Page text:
How did you first come to meet Jacky?
Jacky was rescued as a tiny puppy from a refuge in Tarbes by a volunteer dog walker. She had unexpectedly to leave France on a business trip a couple of days later so we agreed to look after him for the two weeks she was away.
What made you decide to foster/adopt him?
When the lady returned we put Jacky in her car, and, as dogs do, he knew something was happening. He put his paw on my arm and gave me that “I don’t want to go, what have I done wrong?” look. So when the lady said she could not really cope with a puppy along with her many cats, and did we want him back, it was no contest.
Have you previously owned a dog/dogs?
In the months prior to Jacky arriving we fostered two dogs out of the refuge - one for two weeks, the second for almost three weeks. Letting them go, even after such a short time, was not easy. Before that, because of work and lifestyle we had never considered keeping an animal of any description
Describe Jacky’s first days/weeks with you?
What to say? He was used to sleeping out in the open in the kennels with all the noise and distractions of an over-full rescue centre. We bought a large cage so he could sleep in the kitchen. He cried and barked when we turned out the lights. After a couple of sleepless nights we hit upon the idea of leaving the cage door open so he could get out and walk around. With the door open he was settled, no crying, barking and he was happy to sleep in the cage on his blanket.
Getting his feeding sorted took some trial and error. We fed him three times a day (which apparently is wrong, it does not give his digestive system time to work properly). We settled on twice, 8-30 am and 6-30 pm and that is how it is today. We never consciously house trained him but in eighteen months there have been no more than a couple of ‘accidents’ in the house.
From the very beginning he was taken for short walks early morning, late evening, with a longer walk during the day. This may well not be necessary with a lot of dogs but it works well with Jacky.
What were the problems, if any and have you managed to address them?
Problems are in the eye of the beholder. If you have a beautiful garden make sure the animal does not have access to it. Grass is for doing whoopsies on and flower beds are for burying things in. Initially he used to jump up at people by way of greeting. All dogs do it, it is a simple habit to cure. Jacky has never been one for barking which is a godsend to both us and the neighbours, but like all young dogs he liked to chew. Slippers, shoes, wellington boots, hats, gloves, towels, anything that he can shake is all grist to his mill.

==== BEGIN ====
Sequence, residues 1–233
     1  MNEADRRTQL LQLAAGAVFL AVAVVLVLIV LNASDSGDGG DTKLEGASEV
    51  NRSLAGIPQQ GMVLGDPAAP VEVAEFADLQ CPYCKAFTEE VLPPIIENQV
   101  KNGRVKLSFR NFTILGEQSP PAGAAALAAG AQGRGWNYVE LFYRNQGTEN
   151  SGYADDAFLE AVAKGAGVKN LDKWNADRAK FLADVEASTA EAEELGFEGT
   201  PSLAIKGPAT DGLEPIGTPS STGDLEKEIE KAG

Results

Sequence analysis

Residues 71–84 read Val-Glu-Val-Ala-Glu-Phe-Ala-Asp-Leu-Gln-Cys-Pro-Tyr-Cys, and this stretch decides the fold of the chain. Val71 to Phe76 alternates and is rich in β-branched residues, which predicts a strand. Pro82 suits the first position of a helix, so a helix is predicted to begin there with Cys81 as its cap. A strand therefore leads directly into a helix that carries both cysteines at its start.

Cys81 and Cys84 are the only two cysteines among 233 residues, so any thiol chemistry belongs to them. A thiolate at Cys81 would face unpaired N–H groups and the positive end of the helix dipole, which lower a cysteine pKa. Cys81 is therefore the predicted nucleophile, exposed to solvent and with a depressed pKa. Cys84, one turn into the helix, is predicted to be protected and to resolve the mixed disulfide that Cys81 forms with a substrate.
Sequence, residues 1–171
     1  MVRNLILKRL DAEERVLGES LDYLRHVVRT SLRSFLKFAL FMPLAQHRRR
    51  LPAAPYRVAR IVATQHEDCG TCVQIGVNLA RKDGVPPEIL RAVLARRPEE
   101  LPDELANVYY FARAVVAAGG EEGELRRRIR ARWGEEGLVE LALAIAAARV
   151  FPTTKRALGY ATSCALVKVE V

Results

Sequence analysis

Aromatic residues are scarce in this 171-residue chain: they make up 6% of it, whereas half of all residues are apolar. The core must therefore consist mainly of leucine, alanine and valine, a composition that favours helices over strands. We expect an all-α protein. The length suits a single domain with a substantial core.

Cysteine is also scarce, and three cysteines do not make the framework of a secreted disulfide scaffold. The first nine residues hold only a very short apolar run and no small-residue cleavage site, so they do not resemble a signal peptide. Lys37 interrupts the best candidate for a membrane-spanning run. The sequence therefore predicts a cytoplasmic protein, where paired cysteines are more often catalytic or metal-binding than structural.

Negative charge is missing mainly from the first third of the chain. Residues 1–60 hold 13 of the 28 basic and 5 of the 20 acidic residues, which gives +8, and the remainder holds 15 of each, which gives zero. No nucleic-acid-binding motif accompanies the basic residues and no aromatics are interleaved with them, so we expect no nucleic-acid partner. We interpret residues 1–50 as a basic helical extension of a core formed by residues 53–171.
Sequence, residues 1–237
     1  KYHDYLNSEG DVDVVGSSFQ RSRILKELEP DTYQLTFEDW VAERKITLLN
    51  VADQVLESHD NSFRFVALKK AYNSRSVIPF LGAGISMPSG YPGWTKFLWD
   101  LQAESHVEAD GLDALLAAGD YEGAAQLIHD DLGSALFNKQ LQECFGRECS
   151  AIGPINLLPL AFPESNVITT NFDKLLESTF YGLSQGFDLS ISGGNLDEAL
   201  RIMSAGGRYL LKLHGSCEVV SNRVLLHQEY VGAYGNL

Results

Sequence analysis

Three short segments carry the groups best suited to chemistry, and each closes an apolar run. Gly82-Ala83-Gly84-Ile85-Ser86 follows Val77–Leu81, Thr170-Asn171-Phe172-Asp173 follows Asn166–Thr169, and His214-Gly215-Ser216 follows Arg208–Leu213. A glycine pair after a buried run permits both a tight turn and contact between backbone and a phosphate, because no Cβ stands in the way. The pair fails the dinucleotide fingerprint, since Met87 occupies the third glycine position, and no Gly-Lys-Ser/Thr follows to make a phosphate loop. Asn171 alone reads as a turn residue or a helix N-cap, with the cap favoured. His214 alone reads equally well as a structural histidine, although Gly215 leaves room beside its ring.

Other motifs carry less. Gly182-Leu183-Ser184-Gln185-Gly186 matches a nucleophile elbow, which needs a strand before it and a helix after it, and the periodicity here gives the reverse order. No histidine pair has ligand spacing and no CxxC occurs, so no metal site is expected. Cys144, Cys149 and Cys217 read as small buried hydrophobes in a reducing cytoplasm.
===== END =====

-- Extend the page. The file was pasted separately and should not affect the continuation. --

He also is not averse to taking things off low tables or even the worktop. A container with a dozen mince pies, the egg off Jen’s salad (he left the lettuce), anything that is within reach has clearly been put there for him. The solution, put it higher or out of reach, simple but next to impossible.
Do you have other animals at home and how does Jacky react to them?
We discussed getting another dog so that Jacky would have someone to play with after he hit 12 months old. A friend of ours passed away leaving a 12 year old dog, so we agreed to take him ‘for a couple of weeks’ to see how they got on and/or until another home could be found. He is still with us.
The dog, Simba, was clearly traumatised when he arrived so it was difficult for him. Jacky was determined to be the dominant dog and pushed him around a lot. He still does but Simba, after 4 months, is pushing back, or trying to, he is much smaller than Jacky. They have never fallen out over food bowls, toys, sleeping baskets et al but sometimes their play gets to the edge of aggression especially when Simba has had enough and wants to rest.
Do you have any regrets about fostering/adopting Jacky?
None at all
How has Jacky changed your life?
Dogs need attention, if not 24/7, pretty close to that. They need to be let out at a reasonable hour in the morning, last thing at night and preferably exercised during the day. Some need more than others, I guess all young dogs need more, older ones perhaps less so. I have also lost several kilo, so there is a definite upside.
We used to be quite selfish with our time, taking holidays whenever, day trips off, long lunches, whatever. Now it seems all decisions are taken after considering the impact on the dogs day. Silly, but hey, they are family.
It is very necessary to consider the impact on house, garden and the car. Mud and leaves, dog hair, upturned water bowls in the kitchen, all need a large degree of tolerance otherwise it would be very easy to fall out of love with the idea of keeping an animal.
What advice would you offer to prospective fosterers/adopters?
Bear in mind there is no such thing as a free dog (or cat). Vet bills, tablets, proper food, bedding, baskets, replacement slippers all cost money.
Be aware that they can very easily come to dominate your life (in a good way). If you are pushing 80 do you really want a puppy? Can you exercise it, give it the attention it will require. If you are slightly built remember that even medium sized dogs can pull you over if they decide to go after something that grabs their attention.
If you are thinking of adopting try fostering first, but give it a real chance.
Become a volunteer so that you can see what life in the kennels is like and see the dogs as they arrive, that would be a great incentive to take one home.
Taking Jacky and then Simba was not a difficult decision and keeping them safe and happy for the rest of their lives is our ambition. He and Simba are the family we never had so our experience will not be the same as everyones but it is difficult now to imagine life without them.